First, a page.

Thursday, December 19, 2013

Why is this OK?

I've been stewing about this for a while and with all the buzz today about someone else who said something politically incorrect and the uproar it has brought, I decided I had to take time to write about an incident that has me, well, pretty much outraged.
Last week, in the same day, I got two emails inviting or reminding me about two upcoming events. The first was from my cousin, who also reminded us that we were having an ornament exchange.
The second came with the reminder that we are having a Chinese gift exchange. Huh?
I wrote back and asked, why was it called that? I am pretty sure everyone in the group knows my daughters are Chinese, but even if they don't, when did we become so desensitized to being discriminatory to some groups and so hypersensitive to others?
Recently I heard an older woman tell about inviting someone who is Asian to an event and they brought her a present. But as she pointed out, this is typical, that most Asian people bring you a gift, rather than take one from you, which is the point of the above mentioned gift exchange.
I did a little research to see if I could find why it was called a Chinese gift exchange and came across an article written by an ex-pat living in China. She attended a Christmas party, in China, and part of the entertainment was a "Chinese" gift exchange. The Chinese people were horrified that someone would take their present and it did not matter whether it was a joke gift or something they truly loved; they just did not find the concept funny.  
I thought maybe I was just hypersensitive, but I asked a co-worker what she thought. She had never heard that expression and thought I meant we were exchanging gifts from China, which sounds like a good idea to me.
When I got a second reminder for the party with the Chinese gift exchange, I opened it hoping that they would have taken the hint and chosen a different name for the gift exchange, although gift exchange seems to be pretty clear without adding a label to it. I was shocked to see it was still there, with no hint that there was anything wrong with it.
Maybe I am hypersensitive on this topic, but I cannot imagine this group thinking it would be appropriate to label it with a different race's name. I remember being confronted in the 80's when I described someone and named their race in my description. I was asked why that was important to the conversation. I stumbled and stuttered and tried to explain, but of course, the race of the person had nothing to do with who they were or the conversation. The same goes for any type of label, which was reinforced while completing my Masters in Rehab Counseling. When you are working with someone with a disability, you look to the person first, not the disability.
So why, in our era of enlightenment, is a title like "Chinese" gift exchange still accepted?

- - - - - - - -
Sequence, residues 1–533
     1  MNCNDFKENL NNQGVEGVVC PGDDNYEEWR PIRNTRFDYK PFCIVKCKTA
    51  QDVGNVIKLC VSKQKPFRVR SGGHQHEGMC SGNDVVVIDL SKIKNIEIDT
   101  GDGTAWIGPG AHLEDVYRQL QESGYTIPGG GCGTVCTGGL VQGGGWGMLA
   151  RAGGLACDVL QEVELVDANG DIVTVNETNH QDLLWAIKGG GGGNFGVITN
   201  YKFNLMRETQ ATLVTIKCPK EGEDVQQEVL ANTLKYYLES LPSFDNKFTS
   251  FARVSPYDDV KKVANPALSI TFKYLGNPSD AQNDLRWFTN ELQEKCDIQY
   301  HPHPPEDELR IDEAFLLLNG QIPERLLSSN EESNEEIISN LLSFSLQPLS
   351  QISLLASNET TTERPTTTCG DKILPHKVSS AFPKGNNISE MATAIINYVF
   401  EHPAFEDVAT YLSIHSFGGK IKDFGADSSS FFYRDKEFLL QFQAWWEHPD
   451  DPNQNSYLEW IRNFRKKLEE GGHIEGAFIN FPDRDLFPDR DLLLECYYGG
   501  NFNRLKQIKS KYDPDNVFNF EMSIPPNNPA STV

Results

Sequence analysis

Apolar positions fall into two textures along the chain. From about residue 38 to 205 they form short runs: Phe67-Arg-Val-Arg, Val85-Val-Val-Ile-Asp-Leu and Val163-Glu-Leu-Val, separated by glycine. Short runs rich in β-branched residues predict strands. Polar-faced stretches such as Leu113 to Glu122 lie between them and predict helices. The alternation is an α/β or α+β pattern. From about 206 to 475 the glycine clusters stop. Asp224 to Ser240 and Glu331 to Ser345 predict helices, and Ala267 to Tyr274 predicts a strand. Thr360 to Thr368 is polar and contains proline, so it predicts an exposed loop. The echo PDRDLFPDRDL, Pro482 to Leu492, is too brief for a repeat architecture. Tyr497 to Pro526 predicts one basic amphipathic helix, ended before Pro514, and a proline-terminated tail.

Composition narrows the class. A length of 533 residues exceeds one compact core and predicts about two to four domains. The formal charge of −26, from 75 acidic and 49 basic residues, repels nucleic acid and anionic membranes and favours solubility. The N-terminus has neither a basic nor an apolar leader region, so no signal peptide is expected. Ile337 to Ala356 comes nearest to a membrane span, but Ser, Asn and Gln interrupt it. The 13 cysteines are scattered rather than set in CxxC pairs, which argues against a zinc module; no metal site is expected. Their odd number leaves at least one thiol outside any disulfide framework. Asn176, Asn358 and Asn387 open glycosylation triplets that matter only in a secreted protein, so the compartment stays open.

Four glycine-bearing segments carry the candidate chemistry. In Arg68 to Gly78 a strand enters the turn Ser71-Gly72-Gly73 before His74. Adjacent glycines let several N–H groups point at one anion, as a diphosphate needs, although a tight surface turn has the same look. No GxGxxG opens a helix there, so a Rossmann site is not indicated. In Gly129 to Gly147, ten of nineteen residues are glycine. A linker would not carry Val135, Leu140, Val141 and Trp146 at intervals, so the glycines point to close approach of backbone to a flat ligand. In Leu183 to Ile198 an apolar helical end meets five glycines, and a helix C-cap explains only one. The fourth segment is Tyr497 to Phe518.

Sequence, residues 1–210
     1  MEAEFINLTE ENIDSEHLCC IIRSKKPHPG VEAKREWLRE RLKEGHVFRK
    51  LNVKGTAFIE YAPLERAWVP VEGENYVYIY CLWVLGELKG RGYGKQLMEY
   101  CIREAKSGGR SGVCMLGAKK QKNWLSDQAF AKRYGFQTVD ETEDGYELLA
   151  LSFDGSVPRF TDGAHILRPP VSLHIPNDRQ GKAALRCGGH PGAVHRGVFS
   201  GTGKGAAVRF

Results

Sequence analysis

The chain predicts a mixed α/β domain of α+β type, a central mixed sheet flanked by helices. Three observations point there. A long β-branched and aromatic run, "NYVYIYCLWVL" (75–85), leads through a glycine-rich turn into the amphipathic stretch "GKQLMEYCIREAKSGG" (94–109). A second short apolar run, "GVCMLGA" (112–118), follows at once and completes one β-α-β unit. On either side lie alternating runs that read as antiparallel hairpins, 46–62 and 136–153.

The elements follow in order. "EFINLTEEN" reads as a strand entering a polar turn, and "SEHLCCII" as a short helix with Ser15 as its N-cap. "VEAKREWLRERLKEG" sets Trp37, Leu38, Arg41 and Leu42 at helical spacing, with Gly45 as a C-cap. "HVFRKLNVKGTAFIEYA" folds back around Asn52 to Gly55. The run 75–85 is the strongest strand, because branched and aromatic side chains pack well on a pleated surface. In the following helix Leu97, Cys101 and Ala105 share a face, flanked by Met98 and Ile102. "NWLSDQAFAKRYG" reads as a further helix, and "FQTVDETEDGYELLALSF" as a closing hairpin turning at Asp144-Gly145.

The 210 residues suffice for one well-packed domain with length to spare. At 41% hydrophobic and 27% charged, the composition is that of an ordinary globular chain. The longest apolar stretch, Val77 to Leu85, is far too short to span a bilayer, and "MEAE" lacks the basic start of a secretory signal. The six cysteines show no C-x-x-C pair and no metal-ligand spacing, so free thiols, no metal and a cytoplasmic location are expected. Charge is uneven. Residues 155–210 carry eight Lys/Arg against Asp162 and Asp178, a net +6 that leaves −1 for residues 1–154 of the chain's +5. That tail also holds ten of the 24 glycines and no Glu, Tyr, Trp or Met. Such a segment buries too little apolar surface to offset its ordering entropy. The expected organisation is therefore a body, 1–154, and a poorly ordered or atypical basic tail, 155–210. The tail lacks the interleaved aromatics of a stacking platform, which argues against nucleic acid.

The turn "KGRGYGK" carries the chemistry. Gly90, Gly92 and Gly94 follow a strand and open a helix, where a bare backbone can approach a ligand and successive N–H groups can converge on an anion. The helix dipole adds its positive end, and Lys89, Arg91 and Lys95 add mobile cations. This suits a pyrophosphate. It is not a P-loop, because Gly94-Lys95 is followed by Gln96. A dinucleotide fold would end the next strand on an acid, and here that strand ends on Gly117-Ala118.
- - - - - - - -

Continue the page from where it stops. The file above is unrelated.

It's not about sandwiches! It's about my life!

Friday, December 6, 2013

LIke a good neighbor, Van is there!

When you live in a city the size of Dallas, it is great to live in a neighborhood like Oak Cliff, where the emphasis is on neighbor. We have great neighbors, but one did the "above and beyond" the call of duty for us today.

Several years ago I joined a community garden group and at the first meeting I met Van. At the time, he was actively working on his dream of an Oak Cliff Earth Day. When we finally turned the first shovel of dirt on our garden, Van was there, pitching in, even though he did not have a plot there. He worked tirelessly in helping us accomplish our goal.

The next time I came across Van, he was recruiting people to help plant trees to beautify a median on a major thoroughfare in our neighborhood. He worked to get the trees donated and enough volunteers to plant trees through a significant portion of the street.

When Facebook started, he began a group called Oak Cliff Gardeners, where you can find all sorts of great information and resources from a like minded group. When I went to see his "garden" I realized what an expert he is on the topic. He does not have a yard, he has a garden, a front garden and a back garden, with a pond, and incredible attention to detail.

Last night Dallas was hit with frozen rain, sleet, and ice. He posted a picture of his cleared driveway and sidewalk and offered to do others for $20. I commented that I would gladly pay for him to clear my parents' drive, as I am sure Dad will try to get out sometime today. Dad doesn't like to stay indoors for any length of time.

Within a  short time, I heard the unmistakable sound of someone clearing a sidewalk with a snow shovel. Sure enough, it was Van. He worked until he had every tiny bit of ice cleared from their sidewalks and driveway. He sent me in for my camera for a picture of Annabel who had been clearing our walk. When I came out, he was gone, before I could even thank him, much less provide something warm to drink and any type of payment.

So hear is it, "Thank you, Van, for all you do!"